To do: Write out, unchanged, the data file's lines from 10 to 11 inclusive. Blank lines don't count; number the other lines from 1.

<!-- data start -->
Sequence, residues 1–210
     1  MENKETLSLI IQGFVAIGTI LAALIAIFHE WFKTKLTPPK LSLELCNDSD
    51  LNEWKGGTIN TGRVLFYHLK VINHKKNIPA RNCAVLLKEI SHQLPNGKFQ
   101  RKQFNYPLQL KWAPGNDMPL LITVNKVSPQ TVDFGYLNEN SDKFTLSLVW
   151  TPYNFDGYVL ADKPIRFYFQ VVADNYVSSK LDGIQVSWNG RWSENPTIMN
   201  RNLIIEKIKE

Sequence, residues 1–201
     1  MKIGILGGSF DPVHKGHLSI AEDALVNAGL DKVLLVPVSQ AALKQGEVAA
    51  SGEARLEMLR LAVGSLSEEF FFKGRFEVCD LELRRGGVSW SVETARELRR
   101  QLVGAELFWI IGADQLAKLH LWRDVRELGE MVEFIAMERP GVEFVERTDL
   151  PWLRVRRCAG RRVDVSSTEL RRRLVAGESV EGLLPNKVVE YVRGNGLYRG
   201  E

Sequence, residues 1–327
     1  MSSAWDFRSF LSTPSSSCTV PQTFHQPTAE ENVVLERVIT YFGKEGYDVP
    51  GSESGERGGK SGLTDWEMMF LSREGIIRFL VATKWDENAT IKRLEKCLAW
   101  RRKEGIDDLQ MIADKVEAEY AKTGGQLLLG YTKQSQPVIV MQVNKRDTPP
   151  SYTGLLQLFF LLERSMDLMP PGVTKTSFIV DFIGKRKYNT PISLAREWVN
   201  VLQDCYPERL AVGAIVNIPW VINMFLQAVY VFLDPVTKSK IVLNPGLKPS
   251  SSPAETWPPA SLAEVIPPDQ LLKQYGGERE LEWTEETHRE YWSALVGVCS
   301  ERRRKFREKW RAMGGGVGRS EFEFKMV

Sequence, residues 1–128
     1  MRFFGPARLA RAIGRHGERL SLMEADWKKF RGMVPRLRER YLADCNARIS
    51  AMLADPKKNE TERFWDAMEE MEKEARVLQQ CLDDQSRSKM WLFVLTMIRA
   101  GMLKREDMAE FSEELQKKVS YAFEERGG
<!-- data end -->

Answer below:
   101  QLVGAELFWI IGADQLAKLH LWRDVRELGE MVEFIAMERP GVEFVERTDL
   151  PWLRVRRCAG RRVDVSSTEL RRRLVAGESV EGLLPNKVVE YVRGNGLYRG